Modern vs. Postmodern

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Andrew DeLoach
Modern World History

The Oxford English Dictionary defines the word modern as "relating to a recently developed or advanced style, technique, or technology." It also defines the word postmodern as "relating to art, architecture, or literature that reacts against earlier modernist principles, as by reintroducing traditional or classical elements of style or by carrying modernist styles or practices to extremes." However, Oswald Spengler claimed that the subdivision of history into intervals such as "Modern" and "Postmodern" is "an incredibly jejune and meaningless scheme" (Decline 12). He argues that there is no point in time in which a culture switches from one time period to another. For example, there is no defining moment in European history in which the country outgrew its "Mediaeval" period and became "Modern." While there is no denying that cultures evolve and become more developed and advanced, the eras overlap, causing a not so fine line to divide the concept of "Modern" from "Postmodern." In fact, the definitions of modern and postmodern are contradictory. If "modern" is the most recently developed style, technique, or technology, than how can a "postmodern" era exist after it? While the terms may be hard to define, our society has created a set of standards by which we can associate the terms "Modern" and "Postmodern."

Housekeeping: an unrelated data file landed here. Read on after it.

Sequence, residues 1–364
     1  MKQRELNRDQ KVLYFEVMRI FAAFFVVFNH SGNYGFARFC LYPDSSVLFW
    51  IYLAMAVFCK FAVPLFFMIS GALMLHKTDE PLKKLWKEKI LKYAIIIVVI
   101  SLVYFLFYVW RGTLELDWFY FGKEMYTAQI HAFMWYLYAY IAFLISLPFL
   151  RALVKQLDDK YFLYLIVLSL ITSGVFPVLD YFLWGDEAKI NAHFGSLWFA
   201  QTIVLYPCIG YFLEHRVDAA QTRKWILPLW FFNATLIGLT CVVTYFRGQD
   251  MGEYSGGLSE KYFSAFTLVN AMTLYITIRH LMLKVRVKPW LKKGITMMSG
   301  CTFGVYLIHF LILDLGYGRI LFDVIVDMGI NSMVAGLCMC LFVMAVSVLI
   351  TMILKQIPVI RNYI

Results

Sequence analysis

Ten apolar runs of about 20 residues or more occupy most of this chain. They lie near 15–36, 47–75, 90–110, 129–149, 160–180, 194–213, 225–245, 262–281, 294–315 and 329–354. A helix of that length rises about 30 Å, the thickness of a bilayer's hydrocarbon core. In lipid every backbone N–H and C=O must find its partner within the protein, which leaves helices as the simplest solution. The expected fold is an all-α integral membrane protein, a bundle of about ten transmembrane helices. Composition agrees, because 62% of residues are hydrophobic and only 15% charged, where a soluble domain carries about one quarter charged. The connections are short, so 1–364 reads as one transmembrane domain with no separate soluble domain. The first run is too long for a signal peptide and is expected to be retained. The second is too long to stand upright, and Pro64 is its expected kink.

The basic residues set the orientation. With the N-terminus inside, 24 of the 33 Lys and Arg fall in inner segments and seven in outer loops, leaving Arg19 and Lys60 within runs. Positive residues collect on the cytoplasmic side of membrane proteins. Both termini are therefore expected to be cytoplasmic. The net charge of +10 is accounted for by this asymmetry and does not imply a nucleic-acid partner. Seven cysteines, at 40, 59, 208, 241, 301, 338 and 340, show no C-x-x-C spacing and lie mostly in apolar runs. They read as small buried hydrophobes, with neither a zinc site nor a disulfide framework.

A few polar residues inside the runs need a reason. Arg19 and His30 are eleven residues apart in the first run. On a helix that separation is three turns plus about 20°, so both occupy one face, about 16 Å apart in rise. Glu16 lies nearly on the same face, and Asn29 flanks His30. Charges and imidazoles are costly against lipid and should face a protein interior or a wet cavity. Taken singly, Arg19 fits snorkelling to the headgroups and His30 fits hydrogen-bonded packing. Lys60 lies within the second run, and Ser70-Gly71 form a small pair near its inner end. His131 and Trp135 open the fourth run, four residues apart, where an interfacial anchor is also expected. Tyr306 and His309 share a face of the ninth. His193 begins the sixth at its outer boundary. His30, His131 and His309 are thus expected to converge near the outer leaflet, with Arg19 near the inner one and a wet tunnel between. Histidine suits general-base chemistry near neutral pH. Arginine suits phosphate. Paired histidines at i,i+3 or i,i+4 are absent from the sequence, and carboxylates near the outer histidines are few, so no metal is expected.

The term "Modern" is most commonly associated with music, art, and architecture from post-middle age Europe. As the most developed region of the world, the European techniques, technology, and style were the most advanced and therefore most modern. This time period was characterized by a focus on the individual. Whereas in the Middle Ages, religion was of primary importance, the modern epoch was a time in which humanity flourished. For example, in the middle ages, music such as "An English Lady Mass" and the "Gregorian Chant" focused on biblical, religious messages, wherein no individual can be...
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